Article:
IOC Commission Chair Nawal El Moutawakel and Olympic Games Executive Director Gilbert Felli. (ATR/Panasonic:Lumix)
(ATR) With a vista of Copacabana and the Atlantic Ocean steps away from where they are meeting, the IOC commission for the 2016 Olympics begins its work in Rio de Janeiro.
The 13-member commission opened its four-day visit to the city Wednesday with briefings from leaders of city, state and federal governments.
Two athletes were also part of the opening panel from Rio de Janeiro: Beijing sailing bronze medalist Isabel Swan and Paralympic swimmer Daniel Dias, a multiple gold medalist in 2008.
Brazil’s two IOC members were in place as well. Carlos Nuzman, president of the bid and the Brazilian Olympic Committee, the junior member from Brazil. Seated to his left was Joao Havelange, not just the senior IOC member in Brazil, but the doyen of the IOC, serving since 1963. Havelange, former FIFA president, turns 93 on May 8.
Today the IOC panel will be briefed on a half-dozen themes from the Rio bid book including vision, legacy and concept, communication, sports and venues, environment and the Olympic Village.
The briefings take place in a chandeliered ballroom of the Copacabana Palace Hotel. Unlike Tokyo and Chicago, which also used hotel ballrooms, Rio de Janeiro did not build a presentation room inside the larger room, making the space seem open and airy.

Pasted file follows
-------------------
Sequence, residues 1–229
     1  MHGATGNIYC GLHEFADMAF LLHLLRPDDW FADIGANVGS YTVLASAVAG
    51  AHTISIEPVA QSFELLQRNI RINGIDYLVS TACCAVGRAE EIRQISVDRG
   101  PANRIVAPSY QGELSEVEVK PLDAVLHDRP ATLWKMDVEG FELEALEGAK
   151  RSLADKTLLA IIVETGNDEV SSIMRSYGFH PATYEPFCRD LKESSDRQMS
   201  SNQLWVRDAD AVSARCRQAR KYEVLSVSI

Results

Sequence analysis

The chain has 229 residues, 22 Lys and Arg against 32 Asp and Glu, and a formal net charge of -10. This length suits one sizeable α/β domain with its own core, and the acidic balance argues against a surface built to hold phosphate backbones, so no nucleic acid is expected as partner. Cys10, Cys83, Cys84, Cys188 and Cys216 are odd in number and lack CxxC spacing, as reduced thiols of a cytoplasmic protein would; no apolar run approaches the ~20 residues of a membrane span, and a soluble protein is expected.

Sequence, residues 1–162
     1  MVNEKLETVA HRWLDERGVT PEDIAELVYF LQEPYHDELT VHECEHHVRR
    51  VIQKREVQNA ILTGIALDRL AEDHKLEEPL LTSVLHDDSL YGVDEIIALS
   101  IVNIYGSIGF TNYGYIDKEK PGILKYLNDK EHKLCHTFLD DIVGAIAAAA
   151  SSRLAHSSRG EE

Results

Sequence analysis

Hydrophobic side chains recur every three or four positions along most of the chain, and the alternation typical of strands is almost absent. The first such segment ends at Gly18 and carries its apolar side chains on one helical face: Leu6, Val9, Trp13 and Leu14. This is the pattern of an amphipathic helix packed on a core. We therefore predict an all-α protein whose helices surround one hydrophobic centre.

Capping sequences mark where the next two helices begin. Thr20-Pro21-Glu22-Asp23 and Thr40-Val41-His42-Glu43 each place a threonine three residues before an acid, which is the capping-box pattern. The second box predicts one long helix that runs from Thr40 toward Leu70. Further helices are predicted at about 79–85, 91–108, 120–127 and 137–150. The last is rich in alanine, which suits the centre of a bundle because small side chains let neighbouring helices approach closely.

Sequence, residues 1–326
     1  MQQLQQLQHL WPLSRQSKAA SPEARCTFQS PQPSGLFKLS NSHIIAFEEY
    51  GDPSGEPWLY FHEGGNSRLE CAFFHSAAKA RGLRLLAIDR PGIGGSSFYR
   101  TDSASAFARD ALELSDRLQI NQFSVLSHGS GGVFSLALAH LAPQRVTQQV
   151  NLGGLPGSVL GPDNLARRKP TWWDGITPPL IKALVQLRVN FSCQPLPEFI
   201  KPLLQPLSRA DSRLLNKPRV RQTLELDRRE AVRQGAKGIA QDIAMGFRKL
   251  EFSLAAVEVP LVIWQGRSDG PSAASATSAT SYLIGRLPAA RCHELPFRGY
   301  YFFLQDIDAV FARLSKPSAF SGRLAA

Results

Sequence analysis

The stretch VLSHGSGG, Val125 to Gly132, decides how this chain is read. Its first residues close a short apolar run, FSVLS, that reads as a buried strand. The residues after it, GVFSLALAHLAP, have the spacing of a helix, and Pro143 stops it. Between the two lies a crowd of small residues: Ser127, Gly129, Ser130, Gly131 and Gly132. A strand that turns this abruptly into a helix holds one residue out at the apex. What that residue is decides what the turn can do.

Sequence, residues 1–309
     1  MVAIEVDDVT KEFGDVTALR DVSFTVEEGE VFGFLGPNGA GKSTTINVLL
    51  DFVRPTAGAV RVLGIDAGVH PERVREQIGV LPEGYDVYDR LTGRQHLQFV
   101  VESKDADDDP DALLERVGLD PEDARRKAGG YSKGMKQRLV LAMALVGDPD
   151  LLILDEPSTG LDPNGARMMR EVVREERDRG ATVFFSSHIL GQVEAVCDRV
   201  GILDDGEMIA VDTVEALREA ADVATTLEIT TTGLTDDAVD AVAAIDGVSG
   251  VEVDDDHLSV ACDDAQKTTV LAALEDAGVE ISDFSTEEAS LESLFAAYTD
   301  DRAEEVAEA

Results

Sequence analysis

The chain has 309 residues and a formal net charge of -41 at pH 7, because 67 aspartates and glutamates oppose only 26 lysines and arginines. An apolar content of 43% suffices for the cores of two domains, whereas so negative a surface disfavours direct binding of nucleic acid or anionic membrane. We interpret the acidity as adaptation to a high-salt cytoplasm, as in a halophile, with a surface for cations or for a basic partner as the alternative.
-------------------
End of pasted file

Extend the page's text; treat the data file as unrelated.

The ballroom holding the IOC commission meetings at the Copacabana Palace. (ATR/Panasonic:Lumix)
Despite the sleek styling of the rooms for Tokyo and Chicago, they now seem claustrophobic by comparison.
And steps away from the meeting room, an expansive terrace awaits the IOC commission for coffee breaks, with chairs and settees overlooking Copacabana and the Atlantic Ocean, a vista that Rio de Janeiro can uniquely offer among the 2016 bids.
The commission meets in closed-door sessions Wednesday and Thursday, with
Brazil's two IOC members: bid president Carlos Nuzman and IOC doyen Joao Havelange. (ATR/Panasonic:Lumix)
a tour of venues scheduled for Friday, May 1, a national holiday that should help lower congestion for the IOC buses.
Eager to demonstrate the government commitment behind the Rio bid, the second of two press conferences scheduled for day one includes Rio de Janeiro Mayor Edwardo Paes, state Governor Sergio Cabral and the federal minister of sport, Orlando Silva.
A photo opportunity for the commission meeting opening drew groups of about 15 Wednesday morning, well off the marks set by Tokyo and Chicago media. In both of those cities, so many cameras turned up that they were let in by groups with a minute to take pictures. In Rio, the entire group was let in at once and stayed for about five minutes.
The IOC commission ends its visit May 2. Next week the group finishes in Madrid. Written by Ed Hula.
For general comments or questions, click here.
Your best source of news about the Olympics is www.aroundtherings.com, for subscribers only.